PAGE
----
Sebastian Stoskopff

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Sebastian Stoskopff (born July 13, 1597 in Strasbourg , † February 10, 1657 in Idstein ) was an Alsatian painter who mainly painted still lifes .

His works, which were rediscovered from 1930 by the art historian Hans Haug , reproduce goblets, mugs and, above all, glasses. The reduction to a few objects, which is characteristic of the early French still life, is recognizable in Stoskopff's painting.


Vanitas Still Life, Kunstmuseum Basel (1630)
Still life with glasses and pate, Strasbourg, Musée de l'Œuvre Notre-Dame (around 1640)
Vanitas, Strasbourg, Musée de l'Œuvre Notre-Dame (around 1650)

Sebastian Stoskopff's father had been employed in the service of the city of Strasbourg as a single horse since 1590, who acted as a mounted courier or companion to the prince. In 1614, the father turned to the city council with a request for support for his then 17-year-old son. He wanted his son to be able to learn the painting trade, as Sebastian Stoskopff had been drawing and painting with great talent since he was 15. The council agreed to provide support and probably sent the young artist to the Strasbourg painter and engraver Friedrich Brentel for the time being . But with this he only learned to refine his art of drawing and was not, as hoped, instructed in the art of painting.

In 1615, von Stoskopff's father died and his widowed mother went to the Strasbourg council again to ask for support for training with a recognized painter. Stoskopff was then sent to Hanau to see the painter Daniel Soreau who worked there. At first he was not very enthusiastic, because otherwise he would choose his apprentices from among his relatives and close friends. In the end he complied with the council's request and assured him that he wanted to “ turn this apprentice into an Albrecht Dürer ”. There is not a single secured picture of Daniel Soreau. Through the artistic communication of the master to his students, conclusions can only be drawn about the works of his sons, other apprentices in his workshop and about Stoskopff's works.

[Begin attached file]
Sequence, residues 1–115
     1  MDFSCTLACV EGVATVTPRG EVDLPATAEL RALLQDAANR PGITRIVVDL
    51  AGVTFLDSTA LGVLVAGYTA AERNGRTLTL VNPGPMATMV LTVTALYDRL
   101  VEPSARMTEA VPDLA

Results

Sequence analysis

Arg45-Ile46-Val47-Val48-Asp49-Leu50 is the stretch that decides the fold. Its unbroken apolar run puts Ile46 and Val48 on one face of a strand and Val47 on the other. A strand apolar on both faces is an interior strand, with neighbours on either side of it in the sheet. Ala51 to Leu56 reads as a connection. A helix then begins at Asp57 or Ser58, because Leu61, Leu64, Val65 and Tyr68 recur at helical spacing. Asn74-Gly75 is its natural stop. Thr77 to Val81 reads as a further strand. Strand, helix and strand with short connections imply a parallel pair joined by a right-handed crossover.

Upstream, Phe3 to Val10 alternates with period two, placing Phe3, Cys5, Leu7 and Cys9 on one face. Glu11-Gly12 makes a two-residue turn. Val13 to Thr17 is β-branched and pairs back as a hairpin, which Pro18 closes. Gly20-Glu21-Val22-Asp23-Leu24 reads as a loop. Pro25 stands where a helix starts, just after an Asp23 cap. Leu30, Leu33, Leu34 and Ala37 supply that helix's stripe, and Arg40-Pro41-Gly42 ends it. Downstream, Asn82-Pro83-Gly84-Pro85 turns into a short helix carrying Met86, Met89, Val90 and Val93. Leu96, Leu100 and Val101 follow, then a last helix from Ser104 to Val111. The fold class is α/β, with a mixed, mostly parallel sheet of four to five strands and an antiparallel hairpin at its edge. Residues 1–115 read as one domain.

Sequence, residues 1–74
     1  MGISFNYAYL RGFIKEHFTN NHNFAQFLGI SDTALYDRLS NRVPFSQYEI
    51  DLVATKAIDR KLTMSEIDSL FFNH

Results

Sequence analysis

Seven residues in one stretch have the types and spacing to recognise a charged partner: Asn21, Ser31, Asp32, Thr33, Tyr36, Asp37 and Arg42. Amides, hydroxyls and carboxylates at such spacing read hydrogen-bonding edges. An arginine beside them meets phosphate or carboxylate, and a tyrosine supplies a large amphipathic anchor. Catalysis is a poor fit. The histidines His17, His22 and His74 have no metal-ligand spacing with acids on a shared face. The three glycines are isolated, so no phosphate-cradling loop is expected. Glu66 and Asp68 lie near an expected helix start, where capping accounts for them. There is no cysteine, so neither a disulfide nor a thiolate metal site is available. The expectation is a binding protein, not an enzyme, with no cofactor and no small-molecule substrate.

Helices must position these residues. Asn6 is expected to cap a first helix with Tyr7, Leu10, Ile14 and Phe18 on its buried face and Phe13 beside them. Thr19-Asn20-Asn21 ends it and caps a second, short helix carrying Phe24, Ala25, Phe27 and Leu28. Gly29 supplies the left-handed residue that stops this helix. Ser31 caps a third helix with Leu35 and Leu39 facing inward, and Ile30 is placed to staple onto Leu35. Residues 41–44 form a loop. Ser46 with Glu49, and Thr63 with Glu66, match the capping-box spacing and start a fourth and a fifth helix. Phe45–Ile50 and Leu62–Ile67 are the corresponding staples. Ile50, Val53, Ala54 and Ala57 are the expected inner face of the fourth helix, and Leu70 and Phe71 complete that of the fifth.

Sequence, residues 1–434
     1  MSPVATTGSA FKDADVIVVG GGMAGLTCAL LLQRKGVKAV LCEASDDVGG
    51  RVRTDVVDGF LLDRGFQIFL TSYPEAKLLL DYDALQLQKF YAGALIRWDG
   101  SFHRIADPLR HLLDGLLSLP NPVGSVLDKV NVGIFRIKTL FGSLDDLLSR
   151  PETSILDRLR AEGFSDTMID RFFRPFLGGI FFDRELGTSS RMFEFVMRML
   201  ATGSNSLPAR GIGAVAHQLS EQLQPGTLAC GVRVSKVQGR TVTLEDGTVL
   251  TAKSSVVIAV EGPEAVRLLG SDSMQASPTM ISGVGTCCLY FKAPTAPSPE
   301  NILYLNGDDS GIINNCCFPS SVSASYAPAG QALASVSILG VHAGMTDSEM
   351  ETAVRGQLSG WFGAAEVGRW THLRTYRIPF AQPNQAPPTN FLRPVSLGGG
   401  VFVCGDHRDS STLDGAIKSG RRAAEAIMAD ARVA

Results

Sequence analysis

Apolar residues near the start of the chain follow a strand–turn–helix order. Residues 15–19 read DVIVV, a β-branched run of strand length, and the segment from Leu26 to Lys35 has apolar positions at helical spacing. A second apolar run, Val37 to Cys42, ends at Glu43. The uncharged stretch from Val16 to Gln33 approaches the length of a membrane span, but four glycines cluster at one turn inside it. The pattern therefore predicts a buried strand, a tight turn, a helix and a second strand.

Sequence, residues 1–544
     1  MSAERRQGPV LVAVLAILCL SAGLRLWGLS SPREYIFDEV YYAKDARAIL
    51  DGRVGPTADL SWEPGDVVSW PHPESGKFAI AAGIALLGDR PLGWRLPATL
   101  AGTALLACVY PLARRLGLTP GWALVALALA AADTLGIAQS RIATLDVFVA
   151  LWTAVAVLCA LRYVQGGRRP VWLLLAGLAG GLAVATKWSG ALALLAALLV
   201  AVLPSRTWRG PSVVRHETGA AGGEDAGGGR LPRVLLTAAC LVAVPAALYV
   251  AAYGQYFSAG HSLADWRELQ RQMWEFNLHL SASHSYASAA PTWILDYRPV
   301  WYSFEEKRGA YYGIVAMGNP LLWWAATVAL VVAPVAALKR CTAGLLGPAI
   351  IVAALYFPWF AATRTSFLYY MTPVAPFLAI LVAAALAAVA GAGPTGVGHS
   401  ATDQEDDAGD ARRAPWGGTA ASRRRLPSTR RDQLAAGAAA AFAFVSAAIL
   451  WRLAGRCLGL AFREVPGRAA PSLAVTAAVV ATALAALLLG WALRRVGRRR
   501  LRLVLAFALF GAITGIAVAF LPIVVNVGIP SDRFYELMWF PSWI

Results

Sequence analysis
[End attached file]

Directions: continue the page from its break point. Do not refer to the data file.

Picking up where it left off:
After Soreau's death in 1619, Stoskopff took over his workshop with the apprentices and his function as a master. One of the apprentices was Joachim von Sandrart , who later became a successful painter and wrote the first important work on art history in German: Teutsche Academie der Bau-, Bild- und Mahlerey-Künste . This work contains descriptions of the lives of earlier and contemporary artists, including descriptions of the time in Hanau with his teacher Sebastian Stoskopff.

After the application for the approval of a branch in Frankfurt am Main failed, Stoskopff went to Paris . He stayed there from around 1622 to 1639, as can be reconstructed on the basis of indirect reports and property inventories of Parisian citizens. It was here that his first large-format works were created, such as Der Sommer or Der Winter . A contemporary communication from Sandrart also documents his stay in Paris:

“From then [Hanau is meant] he traveled to France and left behind many good works; from Paris he moved to Italy (wherever I saw him in Venice in 1629), afterwards back to Paris and so on to Strasbourg [...]. "